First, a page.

Glenveagh National Park is located in one of the wildest parts of the Irish countryside, made up of 24,000 acres, encompassing moorlands, mountains, lakes and forests. One of Ireland's largest national parks (second only to Connemara), its central feature is the beautiful Lough Veagh, a long and deep lake fed by the River Veagh. Here in this remote area, you will find some of the densest woodland in all of Ireland.
Located not far from Donegal's main town of Letterkenny, Glenveagh park was formed from a 19th century garden estate surrounding Glenveagh Castle. Today, the park contains wonderful nature trails and walks, particularly Derrylahan Nature Trail which extends into the remotest parts of the woodland. Visitors may see some of the large red deer herd that lives here, and at times falcons are visible. Guide walks are available May through October.
The Visitors Centre features an exhibition showing the effects of the climate on local plants and animals. There is a cafeteria and a bus that runs from the visitor's centre to the castle. Access to the interior is by guided tour only, which must be booked in advance.
Note: while it is free to visit Glenveagh Park, and the exterior of the castle, tours require a fee.
The castle appears like a fairy tale dream, with turrets, battlements, and an entranceway over the waters of the lake. Its medieval style is demonstrated in the structures of the keep and round tower.
The building is in fact a 19th century mansion house with castellated (castle-like) features, and was originally the home of the Adair family.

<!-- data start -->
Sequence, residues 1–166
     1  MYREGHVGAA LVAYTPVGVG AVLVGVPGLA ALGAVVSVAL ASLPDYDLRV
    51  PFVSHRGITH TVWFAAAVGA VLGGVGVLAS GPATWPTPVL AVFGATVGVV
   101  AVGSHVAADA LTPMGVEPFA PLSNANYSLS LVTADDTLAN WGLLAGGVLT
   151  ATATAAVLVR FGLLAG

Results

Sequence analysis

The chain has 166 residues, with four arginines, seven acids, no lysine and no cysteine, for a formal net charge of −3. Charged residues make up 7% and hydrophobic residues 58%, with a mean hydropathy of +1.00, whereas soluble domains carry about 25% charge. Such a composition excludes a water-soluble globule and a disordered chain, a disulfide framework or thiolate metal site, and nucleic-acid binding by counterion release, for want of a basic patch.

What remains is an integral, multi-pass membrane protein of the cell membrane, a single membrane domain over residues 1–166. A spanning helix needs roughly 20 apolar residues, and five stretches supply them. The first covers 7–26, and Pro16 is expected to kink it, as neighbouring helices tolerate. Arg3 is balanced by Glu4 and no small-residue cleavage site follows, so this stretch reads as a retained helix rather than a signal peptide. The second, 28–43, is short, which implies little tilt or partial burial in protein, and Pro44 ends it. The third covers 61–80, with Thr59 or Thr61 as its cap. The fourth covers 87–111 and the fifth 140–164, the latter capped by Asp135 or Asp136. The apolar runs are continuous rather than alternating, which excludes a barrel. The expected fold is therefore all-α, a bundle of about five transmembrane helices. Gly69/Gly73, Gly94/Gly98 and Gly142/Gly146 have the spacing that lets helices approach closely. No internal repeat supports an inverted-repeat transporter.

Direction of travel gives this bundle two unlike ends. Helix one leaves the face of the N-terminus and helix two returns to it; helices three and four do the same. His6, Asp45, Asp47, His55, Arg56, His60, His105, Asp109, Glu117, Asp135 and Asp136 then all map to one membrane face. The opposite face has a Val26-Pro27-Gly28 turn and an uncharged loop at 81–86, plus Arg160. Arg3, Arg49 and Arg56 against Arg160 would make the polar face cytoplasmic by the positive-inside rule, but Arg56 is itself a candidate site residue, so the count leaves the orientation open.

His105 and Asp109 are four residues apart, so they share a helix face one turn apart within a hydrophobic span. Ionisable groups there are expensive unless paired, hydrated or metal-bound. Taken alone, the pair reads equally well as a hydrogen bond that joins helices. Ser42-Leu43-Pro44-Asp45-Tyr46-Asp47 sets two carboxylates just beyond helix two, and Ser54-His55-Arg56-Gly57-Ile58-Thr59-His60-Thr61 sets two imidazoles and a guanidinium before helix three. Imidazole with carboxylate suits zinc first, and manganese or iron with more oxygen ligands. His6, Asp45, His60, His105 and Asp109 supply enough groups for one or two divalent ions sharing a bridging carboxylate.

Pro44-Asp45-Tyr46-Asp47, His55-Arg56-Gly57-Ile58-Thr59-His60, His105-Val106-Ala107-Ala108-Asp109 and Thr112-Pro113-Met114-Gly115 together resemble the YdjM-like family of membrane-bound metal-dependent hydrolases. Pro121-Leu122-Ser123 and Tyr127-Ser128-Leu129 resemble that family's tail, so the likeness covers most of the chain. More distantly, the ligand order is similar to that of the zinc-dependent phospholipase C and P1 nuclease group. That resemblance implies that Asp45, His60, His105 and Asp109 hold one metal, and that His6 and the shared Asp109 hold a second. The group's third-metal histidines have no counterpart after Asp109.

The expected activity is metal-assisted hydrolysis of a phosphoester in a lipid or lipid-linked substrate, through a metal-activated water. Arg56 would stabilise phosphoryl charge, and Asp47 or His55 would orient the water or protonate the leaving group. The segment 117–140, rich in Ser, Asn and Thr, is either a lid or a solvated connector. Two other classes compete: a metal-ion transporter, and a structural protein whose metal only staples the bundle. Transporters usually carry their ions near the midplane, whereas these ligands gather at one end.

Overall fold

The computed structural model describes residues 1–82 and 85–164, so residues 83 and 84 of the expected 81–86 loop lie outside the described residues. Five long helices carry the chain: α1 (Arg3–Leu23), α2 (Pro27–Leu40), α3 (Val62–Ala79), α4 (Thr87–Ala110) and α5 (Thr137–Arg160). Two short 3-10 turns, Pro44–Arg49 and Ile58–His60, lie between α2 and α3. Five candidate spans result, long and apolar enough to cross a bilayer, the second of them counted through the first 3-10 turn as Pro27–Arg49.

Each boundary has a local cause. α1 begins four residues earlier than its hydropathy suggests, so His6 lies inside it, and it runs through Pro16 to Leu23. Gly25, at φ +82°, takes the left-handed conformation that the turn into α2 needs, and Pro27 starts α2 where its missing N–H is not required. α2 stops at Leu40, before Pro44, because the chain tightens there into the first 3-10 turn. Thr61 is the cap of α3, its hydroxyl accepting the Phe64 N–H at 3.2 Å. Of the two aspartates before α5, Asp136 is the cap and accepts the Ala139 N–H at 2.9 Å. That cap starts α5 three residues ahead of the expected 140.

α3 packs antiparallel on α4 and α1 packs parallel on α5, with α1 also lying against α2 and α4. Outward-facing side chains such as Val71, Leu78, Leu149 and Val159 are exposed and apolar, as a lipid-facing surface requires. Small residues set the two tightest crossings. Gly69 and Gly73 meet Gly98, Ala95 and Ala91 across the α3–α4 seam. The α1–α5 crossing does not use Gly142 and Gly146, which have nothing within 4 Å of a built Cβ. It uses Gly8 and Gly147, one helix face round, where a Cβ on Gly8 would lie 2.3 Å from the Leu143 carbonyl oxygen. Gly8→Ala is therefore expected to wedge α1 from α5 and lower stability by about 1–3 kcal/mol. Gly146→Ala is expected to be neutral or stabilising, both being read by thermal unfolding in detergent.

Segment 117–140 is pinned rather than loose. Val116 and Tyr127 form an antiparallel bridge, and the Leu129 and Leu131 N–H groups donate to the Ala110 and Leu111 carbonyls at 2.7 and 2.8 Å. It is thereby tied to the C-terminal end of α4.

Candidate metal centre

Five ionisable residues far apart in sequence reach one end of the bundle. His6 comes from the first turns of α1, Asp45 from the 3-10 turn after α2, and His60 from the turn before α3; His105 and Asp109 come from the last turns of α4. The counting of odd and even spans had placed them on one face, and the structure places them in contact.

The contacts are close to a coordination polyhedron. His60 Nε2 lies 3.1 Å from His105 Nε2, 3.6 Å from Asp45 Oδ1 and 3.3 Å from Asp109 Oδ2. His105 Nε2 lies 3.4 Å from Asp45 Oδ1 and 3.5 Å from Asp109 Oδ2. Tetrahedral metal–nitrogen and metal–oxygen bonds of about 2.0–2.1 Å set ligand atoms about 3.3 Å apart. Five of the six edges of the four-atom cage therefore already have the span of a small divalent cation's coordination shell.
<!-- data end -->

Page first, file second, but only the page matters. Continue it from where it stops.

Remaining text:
The castle's interior is equally charming. Rooms include:
- A large drawing room with beautiful Georgian furniture
- An impressive dining-room with wonderful Landseer paintings
- A music room with a large, 19th century Irish harp dating
- The libbrary, which offers breathtaking views over Lake Veagh.
- The "blue bedroom", decorated in a New-England style, with pale oak and satinwood.
The interior of the castle can only be visited as part of a guided tour, which must be pre-booked.
The castle was built by John George Adair, an unpopular landlord who evicted hundreds of tenants and destroyed their cottages in 1861 not long after the Irish potato famine. Adair began construction of the castle in 1870, in Queen Victoria's then popular Scottish Baronial Style.
Adair abruptly went off to Texas, married American bride Cornelia, and then died in 1885 without returning to Ireland. His widow came to make her home at Glenveagh, and proceeded to turn 27 acres surrounding the castle into gardens, planted rhododendrons, and refurbished the house.
Mr. Kingsley Porter, a professor of medieval art history at Harvard University, was one of the last owners of the estate. He sold it to Henry Mc Ilhenny in 1937. Both owners performed much maintenance and restoration work on the castle, and took great care of the gardens. Mc Ilhenny lived there on and off for 40 years, collected plenty of art, and totally redecorated the house. He entertained quite a bit, and it is said that Greta Garbo slept here once.
In 1983, Mc Ilhenny gave the castle to the nation as a gift (he had sold the surrounding land to the government in 1975). The estate was opened to the public as a National Park in 1984.
Glenveagh park and castle. Image: Sean Perry.
Glenveagh Castle. Image: James Stringer